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Are there any similarities between Magnesium and Tin?
Well, they are both metals and elements of main groups. Magnesium oxydation number is II and Tin oxydation numbers are II and IV.
They are both shinny. :lol:
Both elements are metals and therefore reasonably good conductors of heat and electricity. Both have fairly low melting points (you can melt them on the kitchen stove) and are fairly reactive in common inorganic acids such as HNO3 or HCl. The resulting compounds have a fairly wide range of applications in everyday life. Magnesium sulfate (MgSO4) is epsom salts used as a bath soak and laxative; stannous fluoride (SnF) is a decay-preventative in some toothpastes; magnesium carbonate is gymnasts' chalk, used to improve the grip when vaulting on the horse or parallel bars. Tin oxide is used as a polishing compound. Both metals have wide application in alloying. Magnesium is alloyed with aluminum to produce a lighhter and tougher metal used in mag wheels on performance cars; tin is essential in type metal, white metal, pewter and many other alloys. Both metals are bivalent (thus forming compounds like MgCl2/SnCl2 or MgO or SnO) though Sn is also tetravalent (forming compounds like SnCl4 and SnO2) This is what your previous correspondents are correct in observing that both having an oxidation number of II (and tin also one of IV) and that, when freshly cut, both are shiny, though neither wins any prizes for spelling.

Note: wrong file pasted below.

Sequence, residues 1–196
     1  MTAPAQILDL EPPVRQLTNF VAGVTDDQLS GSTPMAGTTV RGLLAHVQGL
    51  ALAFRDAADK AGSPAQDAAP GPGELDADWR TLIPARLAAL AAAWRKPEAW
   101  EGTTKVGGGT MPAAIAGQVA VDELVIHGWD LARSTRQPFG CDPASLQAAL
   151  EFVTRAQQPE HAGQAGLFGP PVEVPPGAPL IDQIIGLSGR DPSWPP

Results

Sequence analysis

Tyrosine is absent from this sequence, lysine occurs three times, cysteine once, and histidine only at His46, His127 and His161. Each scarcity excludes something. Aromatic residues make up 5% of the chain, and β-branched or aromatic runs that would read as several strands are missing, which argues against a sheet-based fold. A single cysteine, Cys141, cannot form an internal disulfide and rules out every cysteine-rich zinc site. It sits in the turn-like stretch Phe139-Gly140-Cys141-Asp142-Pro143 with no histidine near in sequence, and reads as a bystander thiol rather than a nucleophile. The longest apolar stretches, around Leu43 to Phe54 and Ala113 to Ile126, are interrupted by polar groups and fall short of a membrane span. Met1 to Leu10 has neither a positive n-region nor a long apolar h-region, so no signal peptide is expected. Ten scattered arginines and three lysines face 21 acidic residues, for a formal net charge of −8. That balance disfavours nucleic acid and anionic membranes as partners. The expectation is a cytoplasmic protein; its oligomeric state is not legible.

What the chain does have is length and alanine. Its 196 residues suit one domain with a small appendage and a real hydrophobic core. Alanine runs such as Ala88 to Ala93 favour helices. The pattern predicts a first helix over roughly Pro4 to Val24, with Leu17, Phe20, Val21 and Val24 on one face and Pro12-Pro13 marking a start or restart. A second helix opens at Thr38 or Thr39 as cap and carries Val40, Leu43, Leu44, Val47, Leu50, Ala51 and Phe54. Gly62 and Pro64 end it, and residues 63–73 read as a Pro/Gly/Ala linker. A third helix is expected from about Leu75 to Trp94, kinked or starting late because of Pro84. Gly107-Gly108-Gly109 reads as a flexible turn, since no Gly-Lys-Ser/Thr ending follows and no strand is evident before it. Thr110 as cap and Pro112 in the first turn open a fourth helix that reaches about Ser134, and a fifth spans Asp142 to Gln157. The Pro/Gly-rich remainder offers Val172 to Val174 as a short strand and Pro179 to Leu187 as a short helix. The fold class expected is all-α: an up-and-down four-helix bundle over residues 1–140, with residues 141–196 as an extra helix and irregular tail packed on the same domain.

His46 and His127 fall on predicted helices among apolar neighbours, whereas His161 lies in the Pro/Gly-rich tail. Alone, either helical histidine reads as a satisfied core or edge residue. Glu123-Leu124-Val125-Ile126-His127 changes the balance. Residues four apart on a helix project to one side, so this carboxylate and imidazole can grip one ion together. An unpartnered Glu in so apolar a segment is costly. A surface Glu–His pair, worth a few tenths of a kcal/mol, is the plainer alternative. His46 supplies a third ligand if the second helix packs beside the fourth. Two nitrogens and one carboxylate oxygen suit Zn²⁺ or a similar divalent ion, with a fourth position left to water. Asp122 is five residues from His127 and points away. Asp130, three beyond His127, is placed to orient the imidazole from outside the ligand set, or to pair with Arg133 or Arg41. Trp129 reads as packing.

I would be cautious about trying to melt Mg though; at red heat it combines with O2 in a vigorous exothermic reaction to produce a spectacular white light light (used in flares and fireworks) which is incredibly rich in UV radiation. Eye damage may result. They never told me these things when I was a child with my very own chemistry set, ingots of Mg and flasks of Hg many years ago.
WebElements: the periodic table on the WWW [http://www.webelements.com/]